The common opinion on Michael Cimino’s career is that it was killed by the air of ego-driven fiasco that surrounded Heaven’s Gate.  However, a look at his filmography shows he directed another four features films after a post-Heaven’s Gate lull.  Those subsequent films reveal that the decline of his directing career was a gradual one that happened in stages.  In retrospect, The Sicilian seems like the point of no return for Cimino, the moment where his tendency for the overblown moved too far from what Hollywood found bankable and what audiences found entertaining.

Sicil-bluThe Sicilian is adapted from a Mario Puzo novel: said book was connected to The Godfather by a framing device featuring Michael Corleone but that had to be dropped for the film version.  Instead, this film focuses strictly on the rise and fall of real-life bandit Salvatore Giuliano (Christopher Lambert), a Sicilian who revolts against how the wealthy and authorities treat peasants in post-WWII Sicily.  With his friend Pisciotta (John Turturro), Salvatore defies local mafia kingpin Don Masino (Joss Ackland) and steals from the rich to help the poor buy land.  However, he soon discovers that the life of an outlaw is violent and dangerous – and the powers that be will do all they can stop his rise.

As the above synopsis indicates, The Sicilian reaches for an arc of operatic tragedy but instead winds up at a level of camp because its gestures are hollow.  Despite a surface level of complexity, Steve Shagan’s script (penned with an uncredited assist from Gore Vidal) dutifully trudges through a number of rise-and-fall crime clichés that you’ll see coming from a mile away.  The dialogue is also packed with lines that are clunky and pretentious all at once, with each key scene having at least one line that will leave the viewer’s jaw on the floor.

Cimino’s direction gives the film an appropriately epic look, with lots of sweeping camerawork from Alex Thomson and gorgeous Italian locations, but the results come off as overwrought instead of emotionally searing.  Each key dramatic moment is suffocated by an overblown orchestral score by David Mansfield and the self-conscious artsiness of Cimino’s direction just underscores the shopworn nature of his narrative.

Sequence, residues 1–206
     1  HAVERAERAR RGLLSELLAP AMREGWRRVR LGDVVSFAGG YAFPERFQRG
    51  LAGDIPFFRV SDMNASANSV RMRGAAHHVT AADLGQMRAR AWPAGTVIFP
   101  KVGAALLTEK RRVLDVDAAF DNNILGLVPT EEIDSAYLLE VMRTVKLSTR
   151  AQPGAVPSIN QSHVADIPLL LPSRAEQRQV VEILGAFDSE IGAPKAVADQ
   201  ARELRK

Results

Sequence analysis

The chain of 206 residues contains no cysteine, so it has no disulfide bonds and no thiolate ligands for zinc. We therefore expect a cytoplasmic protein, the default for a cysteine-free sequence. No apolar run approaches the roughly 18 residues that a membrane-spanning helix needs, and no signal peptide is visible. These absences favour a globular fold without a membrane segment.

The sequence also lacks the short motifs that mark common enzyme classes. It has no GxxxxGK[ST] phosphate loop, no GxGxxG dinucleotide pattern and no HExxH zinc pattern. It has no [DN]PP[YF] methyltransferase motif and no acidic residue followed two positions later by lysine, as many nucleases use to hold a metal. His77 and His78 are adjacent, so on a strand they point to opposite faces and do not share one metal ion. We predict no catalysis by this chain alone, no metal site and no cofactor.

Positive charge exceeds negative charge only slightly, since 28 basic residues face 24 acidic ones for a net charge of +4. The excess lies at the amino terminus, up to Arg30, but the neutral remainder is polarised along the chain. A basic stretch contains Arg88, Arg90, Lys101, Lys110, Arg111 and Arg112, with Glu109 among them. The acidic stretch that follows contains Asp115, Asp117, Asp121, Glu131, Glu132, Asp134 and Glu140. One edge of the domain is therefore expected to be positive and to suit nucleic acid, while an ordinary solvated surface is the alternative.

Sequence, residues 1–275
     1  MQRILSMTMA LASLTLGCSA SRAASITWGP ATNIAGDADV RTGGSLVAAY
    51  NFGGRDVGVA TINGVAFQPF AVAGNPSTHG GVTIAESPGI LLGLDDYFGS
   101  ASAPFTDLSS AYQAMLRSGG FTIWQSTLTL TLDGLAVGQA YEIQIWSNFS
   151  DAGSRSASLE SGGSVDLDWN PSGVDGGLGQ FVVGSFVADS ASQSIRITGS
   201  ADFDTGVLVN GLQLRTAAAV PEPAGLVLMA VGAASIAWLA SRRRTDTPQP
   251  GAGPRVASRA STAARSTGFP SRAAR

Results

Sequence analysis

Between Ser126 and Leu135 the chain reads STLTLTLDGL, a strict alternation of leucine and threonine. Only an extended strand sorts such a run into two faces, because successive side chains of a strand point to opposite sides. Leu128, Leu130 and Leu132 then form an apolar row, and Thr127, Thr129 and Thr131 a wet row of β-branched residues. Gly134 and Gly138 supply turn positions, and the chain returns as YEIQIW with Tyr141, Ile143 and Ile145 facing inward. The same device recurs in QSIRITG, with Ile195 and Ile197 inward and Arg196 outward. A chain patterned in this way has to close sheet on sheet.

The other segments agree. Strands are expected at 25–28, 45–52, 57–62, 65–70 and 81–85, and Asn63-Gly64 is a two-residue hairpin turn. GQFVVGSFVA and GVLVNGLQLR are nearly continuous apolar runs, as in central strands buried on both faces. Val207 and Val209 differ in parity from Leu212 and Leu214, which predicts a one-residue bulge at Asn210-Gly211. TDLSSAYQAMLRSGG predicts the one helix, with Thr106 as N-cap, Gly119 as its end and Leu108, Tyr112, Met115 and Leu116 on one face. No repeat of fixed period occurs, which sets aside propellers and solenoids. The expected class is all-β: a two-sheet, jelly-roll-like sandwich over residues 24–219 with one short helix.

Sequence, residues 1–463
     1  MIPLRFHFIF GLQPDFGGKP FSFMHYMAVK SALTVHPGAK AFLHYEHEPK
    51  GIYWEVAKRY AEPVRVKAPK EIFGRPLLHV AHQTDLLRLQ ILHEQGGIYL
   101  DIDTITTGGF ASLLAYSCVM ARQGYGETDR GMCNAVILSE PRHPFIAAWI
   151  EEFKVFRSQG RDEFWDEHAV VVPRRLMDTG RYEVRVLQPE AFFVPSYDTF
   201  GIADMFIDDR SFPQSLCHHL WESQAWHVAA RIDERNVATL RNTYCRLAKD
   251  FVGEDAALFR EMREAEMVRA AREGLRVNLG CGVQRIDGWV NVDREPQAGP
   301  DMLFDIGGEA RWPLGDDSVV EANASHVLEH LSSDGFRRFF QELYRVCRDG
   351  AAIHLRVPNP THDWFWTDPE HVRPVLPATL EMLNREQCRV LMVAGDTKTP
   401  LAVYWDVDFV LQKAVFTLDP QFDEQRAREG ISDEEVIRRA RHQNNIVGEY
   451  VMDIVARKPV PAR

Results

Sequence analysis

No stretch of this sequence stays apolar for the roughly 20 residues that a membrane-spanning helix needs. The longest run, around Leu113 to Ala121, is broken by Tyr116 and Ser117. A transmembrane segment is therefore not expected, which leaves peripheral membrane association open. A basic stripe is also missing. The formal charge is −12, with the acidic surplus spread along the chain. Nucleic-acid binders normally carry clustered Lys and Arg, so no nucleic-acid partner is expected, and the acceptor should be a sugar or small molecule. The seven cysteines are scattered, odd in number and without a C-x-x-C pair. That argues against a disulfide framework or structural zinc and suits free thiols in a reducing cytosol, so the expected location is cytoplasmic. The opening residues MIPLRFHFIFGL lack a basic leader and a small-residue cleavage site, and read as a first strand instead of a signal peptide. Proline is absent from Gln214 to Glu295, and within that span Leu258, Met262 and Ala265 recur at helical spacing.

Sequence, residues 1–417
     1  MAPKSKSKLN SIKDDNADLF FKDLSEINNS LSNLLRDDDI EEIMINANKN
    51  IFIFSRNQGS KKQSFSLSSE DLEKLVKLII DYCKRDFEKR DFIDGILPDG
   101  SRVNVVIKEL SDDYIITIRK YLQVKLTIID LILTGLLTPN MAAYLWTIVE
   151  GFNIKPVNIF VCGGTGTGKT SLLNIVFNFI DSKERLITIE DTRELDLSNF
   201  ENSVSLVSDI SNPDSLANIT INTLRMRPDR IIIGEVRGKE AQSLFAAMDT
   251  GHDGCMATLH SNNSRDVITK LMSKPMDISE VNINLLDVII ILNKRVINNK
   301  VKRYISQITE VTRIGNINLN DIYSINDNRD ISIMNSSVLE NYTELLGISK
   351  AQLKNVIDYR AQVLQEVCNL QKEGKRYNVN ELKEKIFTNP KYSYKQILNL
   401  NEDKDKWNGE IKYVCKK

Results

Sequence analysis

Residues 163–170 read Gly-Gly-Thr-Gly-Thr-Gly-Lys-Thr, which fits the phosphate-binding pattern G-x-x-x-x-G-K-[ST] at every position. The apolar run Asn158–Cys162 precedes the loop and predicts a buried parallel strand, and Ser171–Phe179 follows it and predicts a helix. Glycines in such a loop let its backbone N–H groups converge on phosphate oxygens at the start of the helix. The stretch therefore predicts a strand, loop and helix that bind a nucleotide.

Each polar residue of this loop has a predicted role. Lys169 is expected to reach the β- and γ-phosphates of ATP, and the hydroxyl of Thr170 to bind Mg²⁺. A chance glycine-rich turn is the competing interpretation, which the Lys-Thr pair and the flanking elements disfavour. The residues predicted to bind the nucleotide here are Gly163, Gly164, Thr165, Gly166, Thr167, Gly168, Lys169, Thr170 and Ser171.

To make matters worse, Lambert is terribly miscast and gives a wooden performance that makes all the worship and fear he inspires in the other characters seem bizarre.  Turturro and Ackland acquit themselves well but the fact that virtually every actor supposedly playing an Italian has a different acceSicil-01nt gives the drama an unintended surreal edge.  Other notable odd performances here include Terence Stamp as an Italian aristocrat with a posh English accent and Barbara Sukowa playing a maneating Duchess who frequently strips down to play an “oversexed rich woman” cliche.

In short, The Sicilian is the kind of bad movie that is hypnotic because it manages to merge gorgeous craftsmanship with shocking cluelessness about what makes a good crime drama.  The push-pull nature of these elements are likely to make this film appealing to camp classic devotees.

Blu-Ray Notes: Cimino completists will be happy to know this title is now available as a blu-ray in the U.S. from Shout! Factory.  The transfer is a dramatic improvement over previous U.S. home video versions, offering the full Cinemascope imagery with new levels of color and clarity.  Fans will be happy to know this is the director’s cut and offers 31 minutes of footage cut from the U.S theatrical release: there are fluctuations in image quality that probably reflect the reinstatement of this footage but the transfer is mostly impressive for a non-special edition release.  The original 2.0 stereo mix is presented in lossless form and sounds nice and clean.  There are no extras.